If you are recovering from a breakup of a cherished relationship, you may have a very important question in your mind: how long until your devastating heartache ends? People will have different answers depending on whom you ask, but it turns out that social media can give us a more substantial answer.

By analyzing people’s language changes on social media when they are going through a breakup, we can not only quantify how long the recovery period lasts, but also when the breakup process actually starts, even before the official end date. In recent research, we found that the breakup process lasts around nine months, starting from the gradual unraveling of the relationship to the official breakup date, and finally, to the uncoupling and recovery phase.

Our team identified a group of people who had posted about their breakups on Reddit. Reddit is a popular discussion website where people gather in different communities (subreddits) based on their interests. These communities can be centered around any topic under the sun, from tennis to cooking to relationship advice. Unlike some popular platforms such as Facebook or Instagram, users typically post using anonymous handles that are not tied to their real identity on Reddit. There is a subreddit called r/BreakUps that specifically caters to people seeking support during their breakup. After identifying about 6,800 users who had gone through breakups, we looked at their language up to a year before and after their breakup to understand how the process had unfolded. All analyses were conducted in the aggregate to preserve the anonymity of individual users.

Clues In Language

People’s language leaves subtle clues about their emotional and social state as they go about their daily lives. Also, people’s language patterns can go through drastic changes when they are going through a distressing life event, such as a breakup. These changes are largely unconscious but something computer-based analyses can pick up on.

After analyzing 1 million posts, we found that people’s language went through changes starting three months before they posted about their breakup, lasting about six months after the breakup. Their language became more self-focused, more personal, and showed signs of increased mental burden, which is typical of people going through a traumatic life experience. Importantly, these changes occurred even when people were posting on topics outside of their relationship, showing the deeply pervasive impact of breakups. In their real lives, these changes may have manifested in a lack of focus at work, less interest in technical tasks, and a general preoccupation with their personal lives.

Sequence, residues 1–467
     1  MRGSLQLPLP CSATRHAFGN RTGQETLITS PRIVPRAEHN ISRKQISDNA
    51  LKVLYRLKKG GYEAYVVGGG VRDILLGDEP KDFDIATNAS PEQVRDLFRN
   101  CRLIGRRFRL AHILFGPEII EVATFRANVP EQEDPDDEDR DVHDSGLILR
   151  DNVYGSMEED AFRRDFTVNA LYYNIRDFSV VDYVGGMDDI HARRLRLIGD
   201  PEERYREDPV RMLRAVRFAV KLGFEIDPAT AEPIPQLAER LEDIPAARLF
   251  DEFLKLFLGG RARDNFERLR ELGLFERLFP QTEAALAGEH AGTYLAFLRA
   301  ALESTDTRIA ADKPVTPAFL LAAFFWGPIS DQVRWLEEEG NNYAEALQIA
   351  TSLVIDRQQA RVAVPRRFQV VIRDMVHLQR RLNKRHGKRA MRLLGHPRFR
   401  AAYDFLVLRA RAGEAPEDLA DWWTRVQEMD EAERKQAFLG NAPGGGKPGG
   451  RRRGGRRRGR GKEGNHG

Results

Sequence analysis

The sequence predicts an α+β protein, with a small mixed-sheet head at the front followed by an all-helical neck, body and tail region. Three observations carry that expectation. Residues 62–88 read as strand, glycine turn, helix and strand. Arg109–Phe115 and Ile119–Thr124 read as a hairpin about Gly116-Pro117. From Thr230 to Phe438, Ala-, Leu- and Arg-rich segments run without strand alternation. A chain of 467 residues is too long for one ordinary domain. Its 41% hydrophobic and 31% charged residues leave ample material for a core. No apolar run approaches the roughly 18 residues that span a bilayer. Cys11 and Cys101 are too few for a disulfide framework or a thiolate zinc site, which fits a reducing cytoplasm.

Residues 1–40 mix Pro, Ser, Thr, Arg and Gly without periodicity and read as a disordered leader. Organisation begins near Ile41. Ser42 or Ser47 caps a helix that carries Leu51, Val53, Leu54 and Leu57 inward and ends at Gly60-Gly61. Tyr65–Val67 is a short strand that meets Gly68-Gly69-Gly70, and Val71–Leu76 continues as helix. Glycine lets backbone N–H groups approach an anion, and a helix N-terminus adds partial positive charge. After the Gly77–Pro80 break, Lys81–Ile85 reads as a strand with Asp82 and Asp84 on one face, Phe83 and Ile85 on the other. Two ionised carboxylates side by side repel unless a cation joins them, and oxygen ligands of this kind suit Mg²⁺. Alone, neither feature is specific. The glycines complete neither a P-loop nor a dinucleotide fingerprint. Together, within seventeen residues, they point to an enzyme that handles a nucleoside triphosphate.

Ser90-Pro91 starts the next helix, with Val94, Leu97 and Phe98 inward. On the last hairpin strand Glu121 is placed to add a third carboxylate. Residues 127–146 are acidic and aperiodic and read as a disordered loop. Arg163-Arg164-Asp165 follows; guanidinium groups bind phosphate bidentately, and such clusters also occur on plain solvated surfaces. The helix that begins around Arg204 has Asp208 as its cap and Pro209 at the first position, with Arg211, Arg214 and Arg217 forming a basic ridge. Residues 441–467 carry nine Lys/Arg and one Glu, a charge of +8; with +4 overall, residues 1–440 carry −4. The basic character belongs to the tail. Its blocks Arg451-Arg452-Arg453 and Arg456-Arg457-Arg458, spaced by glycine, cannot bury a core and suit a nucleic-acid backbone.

What If a Person Recovers Slowly?

There were some differences between people who recovered quickly from their breakup versus those who took longer. People who had a slower recovery showed prolonged signs of increased mental burden and preoccupation, and also had more references to their ex and their shared life together. They had a difficult time untangling their identity from that of their partner and were struggling to understand why the relationship ended.

The language patterns observed in our project may help predict when people are at risk for protracted emotional distress during a stressful life event. If someone is in deep emotional distress six months or a year after their breakup, it might be a good time to seek professional help. A clinician can help uncover what remains unresolved in their mind.

What makes this work exciting to us is that never before have researchers been able to track the end of a romantic relationship across so many people in near-real time. With the public’s increased use of social media and the improvement of text analysis techniques, social psychologists have new tools to study deeply personal events such as breakups. The same techniques can be used to study things like bereavement and depression (and in fact, many researchers are doing exactly that) to provide insights to practitioners. As computer-based tools improve, increased use of text analysis in the field of social psychology is an inevitability and may provide a new understanding of the human mind.

For Further Reading

Seraj, S., Blackburn, K. G., & Pennebaker, J. W. (2021). Language left behind on social media exposes the emotional and cognitive costs of a romantic breakup. Proceedings of the National Academy of Sciences, 118(7), e2017154118. https://doi.org/10.1073/pnas.2017154118

Sarah Seraj is co-founder and Chief Technology Officer at A Better Force, and her research uses language to understand the effect of both personal and collective upheavals on people’s well-being.

Kate Blackburn is a post-doctoral research fellow in the Department of Psychology at the University of Texas at Austin and her research interests explore the perceptual and behavioral processes of language used in people’s stories and social interactions online.